Corrosion-induced Cracking in Reinforced Concrete Structures -a numerical study

Anna Emilie Anusha Thybo

Research output: Book/ReportPh.D. thesis

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Abstract

Buildings and infrastructure constructions represent a major part of the investments made today and thus, the owners make severe demands on the economy when building new structures. Durability and service life of structures are two key parameters strongly related to the economy. Increased durability and longer service life decreases the total amount of materials needed when considering construction and maintenance of structures decreasing the total costs. Further optimisation of material usages is beneficial when considering sustainability as extraction of raw materials, production of structural members, repair and disposal constitute a large part of the total amount of carbon dioxide emission during the life cycle of a structure. One of the most decisive factors controlling the durability and service life of a structure - designed and constructed without flaws and deficiencies - is deterioration of the structure due to environmental effects. Reinforced concrete structures comprise a great part of the structures taking form today and in structures, such as bridges, tunnels, parking garages etc. Corrosion of the reinforcing steel is the most significant deterioration mechanism in reinforced concrete structures. Reinforcement corrosion is therefore a major concern during design and service life.
The aim of the present work was to further develop the knowledge within the field of service life of reinforced concrete structures. To be exact further development of service life modelling based on reinforcement corrosion.
First an existing finite element model simulating corrosion-induced cracking was taken a step further. The existing deterministic model, which was developed at DTU, is divided into five distinct domains; concrete, reinforcement, a corrosion layer, cracking, and debonding domain (crack opening and sliding at reinforcement surface). Applying a fictitious thermal load to the elements in the corrosion layer expansion of the corrosion products was simulated applying a discrete crack modelling approach. Due to expansion of the corrosion products the stresses in the reinforcement/concrete interface increases reaching at some point the tensile strength of the concrete initiating cracking. Penetration of corrosion products into the surrounding concrete was included in the modelling postponing the initiation of the crack following experimental observations of the corrosion process. With further expansion of the corrosion products the crack continues to develop in the concrete cover layer towards the concrete surface. As several studies have shown that corrosion products precipitate non-uniformly along the circumference of the reinforcement the model was further developed changing the precipitation of corrosion products along the circumference of reinforcement from uniform to non-uniform varying the corrosion current density along the circumference of the reinforcement.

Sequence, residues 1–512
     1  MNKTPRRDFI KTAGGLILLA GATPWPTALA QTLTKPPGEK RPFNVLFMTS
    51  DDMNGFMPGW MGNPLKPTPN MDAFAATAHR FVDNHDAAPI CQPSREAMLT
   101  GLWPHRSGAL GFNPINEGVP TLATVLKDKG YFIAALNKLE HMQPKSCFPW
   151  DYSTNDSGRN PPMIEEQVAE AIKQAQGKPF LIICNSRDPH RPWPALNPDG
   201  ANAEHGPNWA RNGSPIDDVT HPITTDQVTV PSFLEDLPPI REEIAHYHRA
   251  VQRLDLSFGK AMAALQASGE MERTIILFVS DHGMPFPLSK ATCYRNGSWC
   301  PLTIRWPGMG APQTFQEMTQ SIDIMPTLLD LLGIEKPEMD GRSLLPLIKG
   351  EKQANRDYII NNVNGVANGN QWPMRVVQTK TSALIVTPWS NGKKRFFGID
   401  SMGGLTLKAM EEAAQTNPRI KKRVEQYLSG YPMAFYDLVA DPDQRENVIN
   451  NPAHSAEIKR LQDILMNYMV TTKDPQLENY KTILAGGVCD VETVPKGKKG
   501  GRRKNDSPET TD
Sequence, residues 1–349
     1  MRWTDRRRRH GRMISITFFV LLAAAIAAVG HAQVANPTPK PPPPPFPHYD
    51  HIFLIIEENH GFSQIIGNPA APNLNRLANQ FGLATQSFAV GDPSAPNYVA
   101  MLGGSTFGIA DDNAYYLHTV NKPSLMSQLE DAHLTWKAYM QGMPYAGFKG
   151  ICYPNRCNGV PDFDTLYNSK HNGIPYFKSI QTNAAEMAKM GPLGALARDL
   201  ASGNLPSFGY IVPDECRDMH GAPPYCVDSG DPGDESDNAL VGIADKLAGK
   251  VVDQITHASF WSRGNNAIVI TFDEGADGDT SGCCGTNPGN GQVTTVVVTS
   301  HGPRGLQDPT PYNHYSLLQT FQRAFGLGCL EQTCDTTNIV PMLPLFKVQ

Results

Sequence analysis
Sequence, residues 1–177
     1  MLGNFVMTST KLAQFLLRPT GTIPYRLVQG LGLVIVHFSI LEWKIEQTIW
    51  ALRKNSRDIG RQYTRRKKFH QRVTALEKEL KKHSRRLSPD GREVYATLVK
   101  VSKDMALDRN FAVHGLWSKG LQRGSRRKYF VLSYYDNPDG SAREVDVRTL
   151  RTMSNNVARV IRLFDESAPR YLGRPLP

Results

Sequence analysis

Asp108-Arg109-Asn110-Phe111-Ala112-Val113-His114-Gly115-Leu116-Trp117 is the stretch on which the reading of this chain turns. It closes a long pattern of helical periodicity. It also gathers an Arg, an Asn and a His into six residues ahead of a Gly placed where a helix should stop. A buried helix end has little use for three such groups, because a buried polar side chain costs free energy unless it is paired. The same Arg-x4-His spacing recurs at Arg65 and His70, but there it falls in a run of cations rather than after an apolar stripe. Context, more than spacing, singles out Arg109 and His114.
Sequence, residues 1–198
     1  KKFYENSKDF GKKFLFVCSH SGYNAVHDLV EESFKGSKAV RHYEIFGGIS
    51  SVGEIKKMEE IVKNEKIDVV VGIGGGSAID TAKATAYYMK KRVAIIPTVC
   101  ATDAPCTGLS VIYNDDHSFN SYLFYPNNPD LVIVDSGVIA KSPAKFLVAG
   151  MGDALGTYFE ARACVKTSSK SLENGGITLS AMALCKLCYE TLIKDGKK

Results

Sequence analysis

Secondly a new corrosion-induced damage model was developed. Applying a smeared crack modelling approach the new model is cable of modelling the initiation and propagation of multiple micro- and macrocracks. The model is based on finite element theory and is divided into three domains: a concrete domain surrounding a corroding and a non-corroding steel domain. To simulate the expansive nature of solid corrosion products a thermal expansion coefficient was applied to the corroding steel elements. Similar to the discrete crack model cracking was initiated when stresses in the reinforcement/concrete interface exceeded the tensile strength of the surrounding concrete. Besides non-uniform precipitation of corrosion products along the circumference of the reinforcement the modelling also included effects such as penetration of corrosion products into the surrounding concrete and creep.
Parallel to the modelling the simulated results were compared to experimental data. The applied experimental data was results of experiments produced at DTU and observations described in the literature. The comparison showed good estimates of both deformations in the reinforcement/concrete interface and crack width. Comparing with experimental data the discrete and the smeared crack modelling approach was also compared indicating that a smeared crack modelling approach show more realistic cracking pattern however this modelling approach is strongly depend on the number of steps during simulations.
Finally both model approaches was used to numerically study the influence of different mechanisms and geometrical parameters on corrosion-induced cracking. Among others the influence of non-uniform precipitation of corrosion products was investigated. The investigation showed that the crack pattern and the development of a surface crack width strongly depend on the formation of the precipitated corrosion products and that the degree of reinforcement corrosion varies at time-to surface crack initiation.
Original languageEnglish
PublisherTechnical University of Denmark, Department of Civil Engineering
Number of pages122
Publication statusPublished - 2018
SeriesB Y G D T U. Rapport
Number397
ISSN1601-2917

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